As of this week, Apple’s requirements for apps to follow its AppTrackingTransparency are now in effect. These requirements went hand-in-hand with the iOS 14.5 launch, and impacts how an app can track users and access their advertising device IDs. In particular, consumer consent is now required if the app collects consumer information and shares it with others “for purposes of tracking across apps and web sites.” Apple has provided developers with specific implementation steps, which will be reviewed when apps are submitted to Apple for approval. As part of the submission, companies need to explain why they want to track users, as required under Apple’s guidelines.
Continue Reading Apple’s App Tracking Transparency Now In Effect

On March 15, 2021, the California Office of Administrative Law (“OAL”) approved additional regulations to the CCPA. These regulations were originally proposed at the end of 2020 (which we covered here).  The changes are effective immediately. The modifications largely focus on (1) changes impacting those companies that “sell” information, and (2) the verification process for rights requests made by authorized agents.
Continue Reading Changes to CCPA Regulations are Approved and in Effect

Virginia is now the second state, after California, to pass a comprehensive privacy law. The Consumer Data Protection Act (“CDPA”) will come into effect January 1, 2023 (the same time as the modification to California’s Consumer Privacy Act (“CCPA”), namely the California Privacy Rights Act). Although this new Virginia law has been compared by many to California’s current CCPA and the EU’s GDPR, there are some differences. Businesses will find most of the differences a relief, although the law does introduce a few new concepts.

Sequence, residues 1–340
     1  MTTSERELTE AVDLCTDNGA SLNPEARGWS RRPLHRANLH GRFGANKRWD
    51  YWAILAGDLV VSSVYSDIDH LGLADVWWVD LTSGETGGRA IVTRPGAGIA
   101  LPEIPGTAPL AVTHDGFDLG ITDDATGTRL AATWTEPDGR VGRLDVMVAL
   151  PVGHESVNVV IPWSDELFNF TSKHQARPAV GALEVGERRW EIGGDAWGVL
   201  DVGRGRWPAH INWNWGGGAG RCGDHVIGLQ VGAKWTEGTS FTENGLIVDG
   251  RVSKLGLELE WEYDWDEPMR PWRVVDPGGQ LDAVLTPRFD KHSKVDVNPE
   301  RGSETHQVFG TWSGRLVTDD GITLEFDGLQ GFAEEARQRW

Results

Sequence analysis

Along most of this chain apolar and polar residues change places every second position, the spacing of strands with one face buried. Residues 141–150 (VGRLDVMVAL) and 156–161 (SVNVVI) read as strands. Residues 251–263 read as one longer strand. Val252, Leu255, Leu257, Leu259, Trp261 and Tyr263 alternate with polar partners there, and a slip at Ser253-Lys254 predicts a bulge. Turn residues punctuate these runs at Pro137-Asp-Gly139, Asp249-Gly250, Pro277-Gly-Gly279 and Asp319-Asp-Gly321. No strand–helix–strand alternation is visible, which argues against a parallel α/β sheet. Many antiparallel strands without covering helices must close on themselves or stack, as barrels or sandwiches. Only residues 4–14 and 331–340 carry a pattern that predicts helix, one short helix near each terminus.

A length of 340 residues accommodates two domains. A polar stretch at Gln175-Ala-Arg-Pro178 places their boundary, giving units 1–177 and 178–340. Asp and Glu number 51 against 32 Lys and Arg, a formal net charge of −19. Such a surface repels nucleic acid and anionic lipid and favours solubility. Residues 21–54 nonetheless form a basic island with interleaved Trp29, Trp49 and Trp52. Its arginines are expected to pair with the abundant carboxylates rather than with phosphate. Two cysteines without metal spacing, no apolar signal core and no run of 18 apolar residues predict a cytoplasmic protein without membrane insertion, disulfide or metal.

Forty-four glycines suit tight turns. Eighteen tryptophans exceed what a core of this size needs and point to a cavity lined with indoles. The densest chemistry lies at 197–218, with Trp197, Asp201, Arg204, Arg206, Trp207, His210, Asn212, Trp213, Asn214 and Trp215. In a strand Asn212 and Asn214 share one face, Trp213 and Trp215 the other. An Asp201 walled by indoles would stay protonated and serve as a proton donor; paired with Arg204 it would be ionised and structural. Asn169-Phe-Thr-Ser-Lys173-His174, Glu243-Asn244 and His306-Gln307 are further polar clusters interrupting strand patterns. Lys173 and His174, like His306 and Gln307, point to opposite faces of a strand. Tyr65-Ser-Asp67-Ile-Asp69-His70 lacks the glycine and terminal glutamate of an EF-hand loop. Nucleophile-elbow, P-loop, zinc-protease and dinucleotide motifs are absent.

Continue Reading Virginia is for…Privacy: Comprehensive Law Passed, Effective January 2023

The FTC recently settled with Flo Health, Inc., a popular fertility-tracking app, based on promises made about how health data would be shared.  In its complaint, the FTC alleged that while Flo promised to keep users’ health data private and only use it to provide the app’s services to users, in fact, health information of over 100 million users was being shared with popular third party companies. Namely, third parties who provided marketing and analytics services to the app.
Continue Reading FTC Settles with Fertility Tracking App For Alleged Deceptive Data Sharing Practices

One of the methods US and EU companies rely on most frequently for the transfer of personal data from the EU to the US are standard contractual clauses. For the method to be acceptable as a valid basis for transfer of personal information, one critical step is for companies to use the version of the clauses as approved by the EU Commission. This has causes some confusion and concern, as the clauses predate GDPR and thus do not include provisions related to that 2018 law. Another area of confusion has been the recent criticism of the clauses as a valid method -alone- for transferring personal data to certain jurisdictions, including the US. (See proposed supplemental protection measures proposed by the European Data Protection Board to address this latter issue, which we discussed recently.)
Continue Reading EU Seeking Comment on Revisions to Standard Contractual Clauses